A smug, self-touting and useless reply, to be sure. There are obviously many rebuilding jobs where installing an entire new board is prohibitive and non-indicated. From the answers so far, it would appear here no one has used, or can advise about, the full-board 'paint-over' method, and that's fine. If it's a non-starter, I'll just revert to Bill's (above) method. But I have seen it done, heard that the sound was not compromised, and thought it was worth investigating with y'all

Apparently I hit a nerve and was not intending to.

Your statement behind your practice is disturbing .

You said:
Quote
Because, unconcealed, customer and their friends see a board with lots of (shimmed) cracks and, not being piano techs, immediately assume it's a big defect that affects the piano's sound output. Piano tech can reassure cracks do not automatically equal reduced resonance or sound quality, but customer still prefers to not see all those cracks.

So the idea that you're putting forth is to fool people that are ignorant? How about educate your customer!!!

That may be the problem you want to avoid, because soundboards have a limited lifespan. They suffer cyclic damage hence the cracks. And i have shown that the glue/rim joint is compromised as well in many cases. A new board is functioning at a 100% and at least the factories offer a warranty of sorts. Crack repairs are a little risky. You can put several thousand dollars on top of a soundboard of unknown dependability.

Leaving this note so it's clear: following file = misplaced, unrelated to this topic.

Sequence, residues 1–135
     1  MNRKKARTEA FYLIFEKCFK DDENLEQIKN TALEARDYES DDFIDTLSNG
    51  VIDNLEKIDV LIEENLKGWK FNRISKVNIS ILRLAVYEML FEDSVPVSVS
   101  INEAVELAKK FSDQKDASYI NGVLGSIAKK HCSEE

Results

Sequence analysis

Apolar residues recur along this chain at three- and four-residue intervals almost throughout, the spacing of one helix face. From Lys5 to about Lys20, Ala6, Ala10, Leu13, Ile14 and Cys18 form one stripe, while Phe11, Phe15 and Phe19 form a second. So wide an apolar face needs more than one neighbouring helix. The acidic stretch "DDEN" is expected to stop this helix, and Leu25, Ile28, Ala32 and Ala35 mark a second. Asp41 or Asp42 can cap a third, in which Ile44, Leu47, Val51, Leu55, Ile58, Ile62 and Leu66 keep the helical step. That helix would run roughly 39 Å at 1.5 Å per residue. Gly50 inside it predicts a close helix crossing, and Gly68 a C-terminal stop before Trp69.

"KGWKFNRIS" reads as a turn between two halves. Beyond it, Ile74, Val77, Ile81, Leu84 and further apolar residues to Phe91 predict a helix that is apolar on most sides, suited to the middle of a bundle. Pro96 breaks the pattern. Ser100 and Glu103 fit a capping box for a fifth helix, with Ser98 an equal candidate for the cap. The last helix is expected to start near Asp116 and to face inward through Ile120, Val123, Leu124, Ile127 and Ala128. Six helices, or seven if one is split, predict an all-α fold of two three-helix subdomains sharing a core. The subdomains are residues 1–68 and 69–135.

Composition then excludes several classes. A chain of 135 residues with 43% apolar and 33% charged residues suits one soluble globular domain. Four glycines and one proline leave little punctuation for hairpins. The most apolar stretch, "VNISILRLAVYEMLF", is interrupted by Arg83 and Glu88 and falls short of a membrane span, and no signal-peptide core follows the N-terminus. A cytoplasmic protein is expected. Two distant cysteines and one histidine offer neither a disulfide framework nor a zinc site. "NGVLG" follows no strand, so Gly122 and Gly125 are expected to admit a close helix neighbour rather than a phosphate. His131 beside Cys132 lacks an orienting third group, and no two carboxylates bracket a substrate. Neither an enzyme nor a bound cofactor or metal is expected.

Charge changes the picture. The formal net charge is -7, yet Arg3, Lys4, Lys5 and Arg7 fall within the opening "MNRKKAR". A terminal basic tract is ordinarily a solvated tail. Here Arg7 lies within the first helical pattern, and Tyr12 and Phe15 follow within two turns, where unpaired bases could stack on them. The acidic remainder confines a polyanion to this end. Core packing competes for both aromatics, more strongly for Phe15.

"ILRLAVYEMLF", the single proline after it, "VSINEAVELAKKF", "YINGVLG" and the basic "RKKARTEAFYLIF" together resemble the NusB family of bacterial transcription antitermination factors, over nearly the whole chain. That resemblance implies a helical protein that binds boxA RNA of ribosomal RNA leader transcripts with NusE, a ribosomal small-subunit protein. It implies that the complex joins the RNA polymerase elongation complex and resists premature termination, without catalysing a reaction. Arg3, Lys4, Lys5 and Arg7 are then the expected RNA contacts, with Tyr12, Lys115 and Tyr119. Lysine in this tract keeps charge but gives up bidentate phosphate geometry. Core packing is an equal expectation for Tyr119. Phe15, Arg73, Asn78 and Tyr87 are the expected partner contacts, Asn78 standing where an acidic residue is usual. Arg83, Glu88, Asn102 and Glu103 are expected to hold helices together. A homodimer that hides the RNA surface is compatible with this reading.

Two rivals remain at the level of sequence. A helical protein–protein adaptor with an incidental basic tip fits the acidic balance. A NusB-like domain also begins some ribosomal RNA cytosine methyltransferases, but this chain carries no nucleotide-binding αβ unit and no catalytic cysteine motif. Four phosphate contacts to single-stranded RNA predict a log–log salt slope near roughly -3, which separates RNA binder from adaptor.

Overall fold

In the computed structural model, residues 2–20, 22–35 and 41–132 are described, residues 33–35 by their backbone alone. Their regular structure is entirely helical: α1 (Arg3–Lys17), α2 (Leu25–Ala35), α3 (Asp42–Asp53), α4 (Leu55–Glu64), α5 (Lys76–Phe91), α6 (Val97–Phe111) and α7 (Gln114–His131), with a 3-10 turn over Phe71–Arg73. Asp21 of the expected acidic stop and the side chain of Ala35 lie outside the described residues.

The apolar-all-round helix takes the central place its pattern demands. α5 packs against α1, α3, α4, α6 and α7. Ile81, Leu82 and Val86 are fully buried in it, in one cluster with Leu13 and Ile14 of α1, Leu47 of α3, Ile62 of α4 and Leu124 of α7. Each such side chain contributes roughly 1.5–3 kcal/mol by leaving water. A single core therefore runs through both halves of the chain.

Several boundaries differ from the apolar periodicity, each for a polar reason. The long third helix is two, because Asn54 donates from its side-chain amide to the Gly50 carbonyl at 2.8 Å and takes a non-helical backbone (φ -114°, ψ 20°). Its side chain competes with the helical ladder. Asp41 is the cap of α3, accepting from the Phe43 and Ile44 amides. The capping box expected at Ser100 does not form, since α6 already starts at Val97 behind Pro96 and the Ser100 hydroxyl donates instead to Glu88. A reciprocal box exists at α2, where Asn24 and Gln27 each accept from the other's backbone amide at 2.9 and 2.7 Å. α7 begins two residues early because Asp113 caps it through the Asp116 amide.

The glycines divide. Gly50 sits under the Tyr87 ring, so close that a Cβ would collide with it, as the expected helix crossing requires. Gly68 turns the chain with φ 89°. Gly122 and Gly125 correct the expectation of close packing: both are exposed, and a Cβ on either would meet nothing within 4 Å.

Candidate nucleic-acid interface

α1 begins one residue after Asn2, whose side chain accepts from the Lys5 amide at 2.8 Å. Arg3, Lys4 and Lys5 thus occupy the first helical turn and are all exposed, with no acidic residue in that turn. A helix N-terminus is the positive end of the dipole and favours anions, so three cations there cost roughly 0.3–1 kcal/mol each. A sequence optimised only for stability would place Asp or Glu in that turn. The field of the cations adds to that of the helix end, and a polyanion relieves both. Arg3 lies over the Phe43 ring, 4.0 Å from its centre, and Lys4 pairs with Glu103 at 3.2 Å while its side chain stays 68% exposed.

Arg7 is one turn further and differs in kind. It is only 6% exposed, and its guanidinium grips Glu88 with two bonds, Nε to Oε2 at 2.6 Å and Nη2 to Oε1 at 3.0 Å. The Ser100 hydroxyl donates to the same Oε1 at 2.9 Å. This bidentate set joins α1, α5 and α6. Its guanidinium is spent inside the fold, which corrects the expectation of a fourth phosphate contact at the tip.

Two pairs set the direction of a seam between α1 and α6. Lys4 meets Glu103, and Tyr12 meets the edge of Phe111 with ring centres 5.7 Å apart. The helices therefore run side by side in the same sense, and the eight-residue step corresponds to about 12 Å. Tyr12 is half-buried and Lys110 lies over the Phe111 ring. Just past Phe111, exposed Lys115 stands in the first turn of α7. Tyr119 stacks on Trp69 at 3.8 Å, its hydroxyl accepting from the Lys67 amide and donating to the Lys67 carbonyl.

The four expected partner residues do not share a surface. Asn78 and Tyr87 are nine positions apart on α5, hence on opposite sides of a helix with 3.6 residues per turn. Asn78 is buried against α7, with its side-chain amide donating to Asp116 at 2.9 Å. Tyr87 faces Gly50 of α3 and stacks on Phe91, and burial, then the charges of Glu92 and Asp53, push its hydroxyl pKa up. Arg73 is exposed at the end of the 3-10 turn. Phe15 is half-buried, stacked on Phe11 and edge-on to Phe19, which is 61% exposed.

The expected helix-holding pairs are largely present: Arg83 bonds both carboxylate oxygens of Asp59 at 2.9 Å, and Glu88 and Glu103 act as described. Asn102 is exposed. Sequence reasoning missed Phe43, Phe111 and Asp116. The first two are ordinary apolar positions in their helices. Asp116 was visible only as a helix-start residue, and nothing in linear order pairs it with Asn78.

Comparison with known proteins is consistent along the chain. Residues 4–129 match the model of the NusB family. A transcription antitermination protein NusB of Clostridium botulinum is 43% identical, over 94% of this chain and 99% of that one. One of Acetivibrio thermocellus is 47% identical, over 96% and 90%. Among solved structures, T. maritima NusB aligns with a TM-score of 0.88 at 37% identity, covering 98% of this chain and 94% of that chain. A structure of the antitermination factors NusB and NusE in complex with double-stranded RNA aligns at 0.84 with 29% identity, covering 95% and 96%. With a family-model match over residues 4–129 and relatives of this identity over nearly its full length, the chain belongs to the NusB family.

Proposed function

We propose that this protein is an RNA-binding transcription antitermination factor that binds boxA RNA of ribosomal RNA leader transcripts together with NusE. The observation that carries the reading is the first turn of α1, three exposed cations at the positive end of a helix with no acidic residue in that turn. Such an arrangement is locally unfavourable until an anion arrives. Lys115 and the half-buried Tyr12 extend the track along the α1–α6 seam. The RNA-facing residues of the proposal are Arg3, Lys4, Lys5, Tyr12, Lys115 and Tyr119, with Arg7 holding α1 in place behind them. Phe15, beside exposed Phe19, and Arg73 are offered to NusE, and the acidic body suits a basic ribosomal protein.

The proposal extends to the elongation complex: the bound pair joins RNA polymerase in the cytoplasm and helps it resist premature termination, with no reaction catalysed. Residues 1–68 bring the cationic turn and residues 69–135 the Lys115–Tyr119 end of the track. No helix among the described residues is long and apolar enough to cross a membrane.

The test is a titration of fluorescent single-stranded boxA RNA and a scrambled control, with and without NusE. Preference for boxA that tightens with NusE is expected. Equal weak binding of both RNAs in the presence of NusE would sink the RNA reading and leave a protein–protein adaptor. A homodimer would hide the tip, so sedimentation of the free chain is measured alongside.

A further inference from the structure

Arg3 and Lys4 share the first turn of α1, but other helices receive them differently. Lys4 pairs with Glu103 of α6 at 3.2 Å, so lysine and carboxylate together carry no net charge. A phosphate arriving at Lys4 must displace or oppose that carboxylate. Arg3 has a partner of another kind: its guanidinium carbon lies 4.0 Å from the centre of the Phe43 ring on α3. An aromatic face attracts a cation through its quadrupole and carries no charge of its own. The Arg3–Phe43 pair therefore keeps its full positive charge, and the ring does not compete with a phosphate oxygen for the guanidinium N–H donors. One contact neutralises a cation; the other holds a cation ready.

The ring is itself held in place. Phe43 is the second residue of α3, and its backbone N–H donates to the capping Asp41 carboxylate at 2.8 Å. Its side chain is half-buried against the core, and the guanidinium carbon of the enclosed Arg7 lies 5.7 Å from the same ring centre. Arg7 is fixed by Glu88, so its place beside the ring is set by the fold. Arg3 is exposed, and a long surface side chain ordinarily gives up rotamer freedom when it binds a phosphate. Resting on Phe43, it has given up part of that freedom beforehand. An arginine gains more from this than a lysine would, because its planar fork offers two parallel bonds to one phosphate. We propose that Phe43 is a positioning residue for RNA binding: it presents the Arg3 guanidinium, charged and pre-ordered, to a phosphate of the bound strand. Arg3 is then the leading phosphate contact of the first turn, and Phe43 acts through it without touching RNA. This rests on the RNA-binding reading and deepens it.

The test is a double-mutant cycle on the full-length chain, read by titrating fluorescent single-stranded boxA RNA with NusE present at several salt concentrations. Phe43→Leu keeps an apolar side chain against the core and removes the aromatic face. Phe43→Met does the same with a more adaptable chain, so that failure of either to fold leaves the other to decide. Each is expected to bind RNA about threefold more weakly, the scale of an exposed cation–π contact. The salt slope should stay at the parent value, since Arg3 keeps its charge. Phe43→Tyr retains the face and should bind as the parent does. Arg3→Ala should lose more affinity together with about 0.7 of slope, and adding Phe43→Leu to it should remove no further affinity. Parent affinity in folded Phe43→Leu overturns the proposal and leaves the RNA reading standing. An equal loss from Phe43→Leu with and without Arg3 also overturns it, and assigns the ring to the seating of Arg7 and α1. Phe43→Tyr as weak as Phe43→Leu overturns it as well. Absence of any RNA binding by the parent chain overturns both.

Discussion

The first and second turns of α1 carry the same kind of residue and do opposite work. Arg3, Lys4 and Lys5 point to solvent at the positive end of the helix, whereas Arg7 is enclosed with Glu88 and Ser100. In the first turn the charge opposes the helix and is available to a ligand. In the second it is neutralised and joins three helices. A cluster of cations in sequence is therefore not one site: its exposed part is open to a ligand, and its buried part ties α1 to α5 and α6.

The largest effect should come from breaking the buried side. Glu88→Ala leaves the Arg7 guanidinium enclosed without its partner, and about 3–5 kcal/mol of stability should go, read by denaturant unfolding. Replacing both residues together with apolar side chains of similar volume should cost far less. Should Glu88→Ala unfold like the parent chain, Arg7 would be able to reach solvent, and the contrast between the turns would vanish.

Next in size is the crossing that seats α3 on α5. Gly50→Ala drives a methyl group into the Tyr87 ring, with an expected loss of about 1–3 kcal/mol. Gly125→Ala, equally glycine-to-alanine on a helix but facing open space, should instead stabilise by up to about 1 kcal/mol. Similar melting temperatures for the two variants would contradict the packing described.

That's what customers are scared about when they see crack repairs. Imagine for a moment you do a great job and don't disclose the crack repairs. And somewhere down the line a tuner notices the cracks and points it out to the owner. Did you know about these?

No thanks not me.

-chris

Last edited by Chernobieff Piano; 07/15/20 08:17 PM.

Chernobieff Piano Restorations
"Where Tone is Key"
Lenoir City, Tennessee U.S.A
www.chernobieffpiano.com
grandpianoman@protonmail.com
Re: Paint over cracks in grand Soundboard
freelife #3003148 07/15/20 08:49 PM
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I wonder if the owner who discovers the cracks would have the right to sue? Just a thought


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Re: Paint over cracks in grand Soundboard
Chernobieff Piano #3003160 07/15/20 09:23 PM
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The customer already saw & knows about the cracks. I already explained to her, totally up front, what effect that may or may not have on the piano's sound, with only shimming and not installing a new soundboard. No one is trying to fool anybody. She simply cannot afford the extra multi-thousands of $$ to drop in a brand new board, all the bridge repositioning, etc.

This is why you hit a nerve, Chernobieff. You simply didn't take that into account (even though it's rather obvious that some piano owners simply cannot afford a new board,) and then made as assumption I was planning to not disclose the cracks.
Perhaps you are unwilling to work on a cracked board and will only do full soundboard/bridge replacement, and those customers who can't afford it, too bad, you're happy to lose them. And that's fine. But many rebuilders (myself included) also take on the lesser-cost rebuilds where full soundboard/bridge replacement is not an option. That's why simply suggesting to "put in a new board and ALL the cracks are gone" sounded kinda pompous.